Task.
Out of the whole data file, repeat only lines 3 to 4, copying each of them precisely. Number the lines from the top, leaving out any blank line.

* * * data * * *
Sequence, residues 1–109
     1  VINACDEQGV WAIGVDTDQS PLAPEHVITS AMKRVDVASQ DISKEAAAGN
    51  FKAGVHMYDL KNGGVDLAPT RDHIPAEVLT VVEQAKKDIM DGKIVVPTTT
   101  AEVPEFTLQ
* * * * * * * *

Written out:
    51  FKAGVHMYDL KNGGVDLAPT RDHIPAEVLT VVEQAKKDIM DGKIVVPTTT
   101  AEVPEFTLQ